As for the gameplay (AKA the reason you play Mean Bean Machine)...it's Puyo Puyo; what the crap do you want me to say? You spend the game dropping Puyos into the unfeeling abyss, only to match them up in fours and watch them die. Yes, it's ridiculously cruel (especially since allowing them to climb out of the pit results in failure), but it can actually be pretty fun. There's a good deal of complexity to be had in it, what with the chains and competing over who doesn't get the junk and everything. Combine that with how goddamn fast it can be (remember: Sonic), and it makes for a pretty cool competitive game. Of course, this is assuming that you're good at the game, something Robotnik isn't going to help you with. I know, weird complaint, but hear me out: nowhere in the game are you taught how to play the game. There's a practice mode, but I'm certain that's a trap for stupid players, since it teaches you nothing and will not let you out. None of this may seem like much, especially since the first few opponents are stupid enough to stack shit in one straight line (maybe they think all Puyo are the same...Puyo racists...), but give it time. Soon, those guys will be running circles around you as you hope that the next Puyo is the one that will kick their ass. (It won't be.) That aside, though, I'd probably recommend it if you have an hour and a fiver to spare.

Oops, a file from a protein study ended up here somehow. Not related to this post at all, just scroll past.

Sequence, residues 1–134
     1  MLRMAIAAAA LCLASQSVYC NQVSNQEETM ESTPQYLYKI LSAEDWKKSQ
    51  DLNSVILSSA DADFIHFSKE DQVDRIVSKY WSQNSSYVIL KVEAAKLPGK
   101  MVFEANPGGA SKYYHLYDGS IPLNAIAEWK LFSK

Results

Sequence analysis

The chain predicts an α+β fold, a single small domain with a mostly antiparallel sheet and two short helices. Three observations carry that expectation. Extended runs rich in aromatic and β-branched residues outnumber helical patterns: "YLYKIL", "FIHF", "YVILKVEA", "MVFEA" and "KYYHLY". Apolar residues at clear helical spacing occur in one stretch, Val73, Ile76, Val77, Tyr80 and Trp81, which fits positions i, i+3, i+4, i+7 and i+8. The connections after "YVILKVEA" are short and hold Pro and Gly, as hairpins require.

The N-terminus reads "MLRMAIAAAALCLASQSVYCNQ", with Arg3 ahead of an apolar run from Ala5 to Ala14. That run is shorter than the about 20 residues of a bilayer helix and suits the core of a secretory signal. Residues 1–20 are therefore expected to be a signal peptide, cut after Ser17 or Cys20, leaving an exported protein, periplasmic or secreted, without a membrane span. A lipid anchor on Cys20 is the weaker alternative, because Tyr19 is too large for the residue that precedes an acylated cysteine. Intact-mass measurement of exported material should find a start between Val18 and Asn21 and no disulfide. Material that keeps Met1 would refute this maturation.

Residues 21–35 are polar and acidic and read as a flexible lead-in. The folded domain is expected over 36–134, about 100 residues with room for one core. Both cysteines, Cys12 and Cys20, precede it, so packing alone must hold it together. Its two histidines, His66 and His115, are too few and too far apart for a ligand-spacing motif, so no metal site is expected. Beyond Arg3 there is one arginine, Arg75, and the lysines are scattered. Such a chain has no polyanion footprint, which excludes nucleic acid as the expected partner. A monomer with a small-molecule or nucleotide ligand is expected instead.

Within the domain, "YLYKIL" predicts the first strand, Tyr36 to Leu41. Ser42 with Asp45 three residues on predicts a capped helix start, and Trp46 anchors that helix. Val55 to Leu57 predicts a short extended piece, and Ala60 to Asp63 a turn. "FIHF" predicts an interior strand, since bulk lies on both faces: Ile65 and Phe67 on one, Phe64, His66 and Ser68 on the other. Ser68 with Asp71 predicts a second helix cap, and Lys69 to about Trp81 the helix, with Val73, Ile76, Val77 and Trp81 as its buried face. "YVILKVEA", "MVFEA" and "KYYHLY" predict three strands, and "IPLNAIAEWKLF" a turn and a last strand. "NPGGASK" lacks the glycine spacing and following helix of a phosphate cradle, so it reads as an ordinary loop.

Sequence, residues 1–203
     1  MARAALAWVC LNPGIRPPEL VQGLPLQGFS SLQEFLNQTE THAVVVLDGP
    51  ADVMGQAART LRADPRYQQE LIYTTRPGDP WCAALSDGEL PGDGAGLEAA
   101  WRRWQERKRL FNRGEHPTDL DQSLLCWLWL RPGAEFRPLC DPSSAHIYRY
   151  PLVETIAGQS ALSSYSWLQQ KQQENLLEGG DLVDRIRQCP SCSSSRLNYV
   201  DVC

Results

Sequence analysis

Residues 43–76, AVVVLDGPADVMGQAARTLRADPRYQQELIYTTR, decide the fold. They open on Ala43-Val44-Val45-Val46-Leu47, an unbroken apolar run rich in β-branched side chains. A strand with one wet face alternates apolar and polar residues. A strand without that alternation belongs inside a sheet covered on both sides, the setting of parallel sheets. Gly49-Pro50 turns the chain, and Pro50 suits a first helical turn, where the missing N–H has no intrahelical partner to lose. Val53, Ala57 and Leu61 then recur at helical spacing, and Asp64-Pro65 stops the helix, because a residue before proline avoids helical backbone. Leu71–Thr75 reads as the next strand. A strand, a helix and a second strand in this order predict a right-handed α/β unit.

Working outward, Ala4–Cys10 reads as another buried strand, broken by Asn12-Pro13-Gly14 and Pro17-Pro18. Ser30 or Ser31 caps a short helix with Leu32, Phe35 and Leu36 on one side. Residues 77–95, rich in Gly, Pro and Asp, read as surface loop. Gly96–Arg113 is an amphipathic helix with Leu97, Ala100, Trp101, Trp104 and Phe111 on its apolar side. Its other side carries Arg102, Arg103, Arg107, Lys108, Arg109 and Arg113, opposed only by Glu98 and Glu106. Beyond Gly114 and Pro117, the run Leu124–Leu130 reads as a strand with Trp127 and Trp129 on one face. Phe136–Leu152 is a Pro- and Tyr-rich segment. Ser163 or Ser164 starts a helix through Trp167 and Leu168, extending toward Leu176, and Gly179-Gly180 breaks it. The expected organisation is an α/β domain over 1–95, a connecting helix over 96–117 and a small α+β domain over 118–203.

- It's That Sonic Cartoon: The Game! What a strange concept.
- It's Puyo Puyo, alright.
- I suck at Puyo Puyo.